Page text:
Sox Offer Arbitration, Yanks Do Not

In what seems to be a clear contrast with the strategy of the Yankees (see Nick's post below), the Red Sox tonight have offered arbitration to a veteran starter who's good for league-average performance and an aging veteran position player whose value to the team is now in question.

Paul Byrd and Jason Varitek will likely decline their offers, the Globe reports, allowing the Sox to receive as many as three draft picks should they sign elsewhere. There's some thought, however, that Byrd might actually accept his because, given his age, he might not get any better than the one-year deal he'd receive through the arbitration process. Far from being a Tony Graffanino situation, however — where he was surprised by the Sox' offer, grudgingly accepted it, and both sides were stuck — the Red Sox could do far worse than having Paul Byrd as the stopgap fifth starter until Clay Buchholz or Michael Bowden are ready.

There's no downside to these offers tonight; indeed, it's a surprising situation whenever there is a downside — which is what makes the Red Sox' decisions tonight so matter-of-fact and the Yankees' so surprising.
5 comments… add one
  • I dont think that it simply reflects a difference in strategy as much as a difference in the the free agent situations that both teams face. For the Yankees, Pettitte and Abreu each could have earned $16+ in arbitration and that is simply too much to pay for them and their diminishing skill sets. This is especially true for Pettitte. In this off season in particular for the yankees in which they are targeting multiple free agents, they need to retain full flexibility and control over where their money is spent. For example how can they determine if they should bid more on Burnett, if there is a $32 mil question mark hanging over two of their players until Feb? Losing the picks sucks, but it is the price the yankees will pay to retain the flexibility they need now. In this case I think there is a large downside to Yankees offering arb to these two players.
    In the Sox case, Varitek is likely coming back and if he accepts arbitration he is basically doing them a favor as they dont want to sign him for more than 1-2 years. Byrd made about $7 mil last year and losing an arb case to him wouldnt break the bank as it would for Pettitte and the yankees.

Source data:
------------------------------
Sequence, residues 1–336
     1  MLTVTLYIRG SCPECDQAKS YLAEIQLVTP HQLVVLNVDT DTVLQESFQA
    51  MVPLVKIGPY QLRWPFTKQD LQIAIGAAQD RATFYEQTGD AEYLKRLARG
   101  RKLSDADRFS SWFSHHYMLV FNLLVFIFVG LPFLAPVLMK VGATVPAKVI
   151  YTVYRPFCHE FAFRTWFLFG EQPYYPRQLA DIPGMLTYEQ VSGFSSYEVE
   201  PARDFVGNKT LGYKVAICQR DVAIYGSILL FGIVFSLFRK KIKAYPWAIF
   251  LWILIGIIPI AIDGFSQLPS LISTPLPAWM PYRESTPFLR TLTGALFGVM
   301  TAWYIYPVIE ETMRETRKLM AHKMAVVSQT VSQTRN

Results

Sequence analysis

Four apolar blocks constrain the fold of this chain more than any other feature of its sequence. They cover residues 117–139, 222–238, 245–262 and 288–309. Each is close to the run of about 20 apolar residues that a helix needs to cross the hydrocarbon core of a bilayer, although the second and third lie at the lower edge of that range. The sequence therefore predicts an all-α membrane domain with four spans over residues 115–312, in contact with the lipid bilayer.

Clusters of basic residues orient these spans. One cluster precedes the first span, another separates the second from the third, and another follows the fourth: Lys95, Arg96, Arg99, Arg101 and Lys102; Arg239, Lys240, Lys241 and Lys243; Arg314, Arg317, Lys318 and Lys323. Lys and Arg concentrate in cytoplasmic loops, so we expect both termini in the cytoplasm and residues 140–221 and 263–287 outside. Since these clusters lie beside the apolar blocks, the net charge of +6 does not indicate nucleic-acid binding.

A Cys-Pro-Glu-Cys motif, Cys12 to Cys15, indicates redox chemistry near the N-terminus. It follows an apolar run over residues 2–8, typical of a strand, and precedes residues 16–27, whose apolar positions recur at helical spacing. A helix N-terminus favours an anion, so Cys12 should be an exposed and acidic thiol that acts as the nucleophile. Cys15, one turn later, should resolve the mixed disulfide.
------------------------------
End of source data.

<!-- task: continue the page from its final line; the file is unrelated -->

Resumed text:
I think both teams made the correct decisions in all of these cases and wouldnt be surprised if the teams were switched they made the same decisions as their rivals.

    Sam-YF December 2, 2008, 9:04 am
  • I disagree. The chances of Abreu, in particular, accepting arbitration appear remote, and given Pettitte’s meh performance last season, I’m not sure he would have won an arb case even if he did accept an offer, and I don’t think that would have been particularly likely either.
    I can see your point, Sam, that both players would command more in arbitration, but I don’t agree that the chances were particularly strong that either would have accepted — and I’d say Pettitte accepting wouldn’t have been the worst thing in the world for the Yankees anyway.

    Paul SF December 2, 2008, 9:11 am
  • Paul
    Arbitration cases basically never result in substantial pay cuts so even if the yankees offer Pettitte say $10-12 mil and he asks for his current salary to be extended for an additional year, the team would be unlikely to win plus the additional bad will that would be incurred in the process would not be worth it. In fact, the yankees actively avoid going to an arb hearing to avoid this type of thing. Furthermore, if the Yankees want to resign Pettitte (which I believe they do) not offering him arbitration provides them with much more leverage in the negotiations. Otherwise, if he doesnt like their offer, he can simply wait them out and go to an arbitrator.
    As for Abreu, I understand your point and would have loved to get some picks for him. But as you say, he is UNLIKELY to accept arb but this is not a sure thing. The yankees have clearly made the decision to move on from him and likely (hopefully) have other targets in mind to take his spot. If he did accept and his agent decided that the 3-4 year offers out there are depressed because of a bad economy they could have easily gone to arb and taken the money for the year. This could be problematic in Feb after the yankees have signed whoever they are gonna sign.
    My other main point was that the decisions made by the two teams dont reflect as much a difference in strategy as it did a difference in who they were deciding to offer arbitration to. The Sox are risking much less in term of both money and roster spots with their offering Byrd and Varitek arbitration. For me, I think its more useful to look at the 4 decisions mentioned in this post as individual decision instead of as overall strategies of the team vis-a-vis Arbitration. As I mentioned in a previous thread, Ill reserve judgement on these moves (esp Abreu) until I see how the off-season fully plays out.

    Sam-YF December 2, 2008, 9:33 am
  • Actually, now that I remember the one person I do have a quarrel with the yankees not offering arbitration is Pudge. It is highly unlikely he would have excepted and the picks for him would have been nice….

    Sam-YF December 2, 2008, 12:08 pm
  • Speaking of the Yankees, when are we going to have some Kei Igawa and Carl Pavano updates?

    SoxFan December 2, 2008, 6:21 pm

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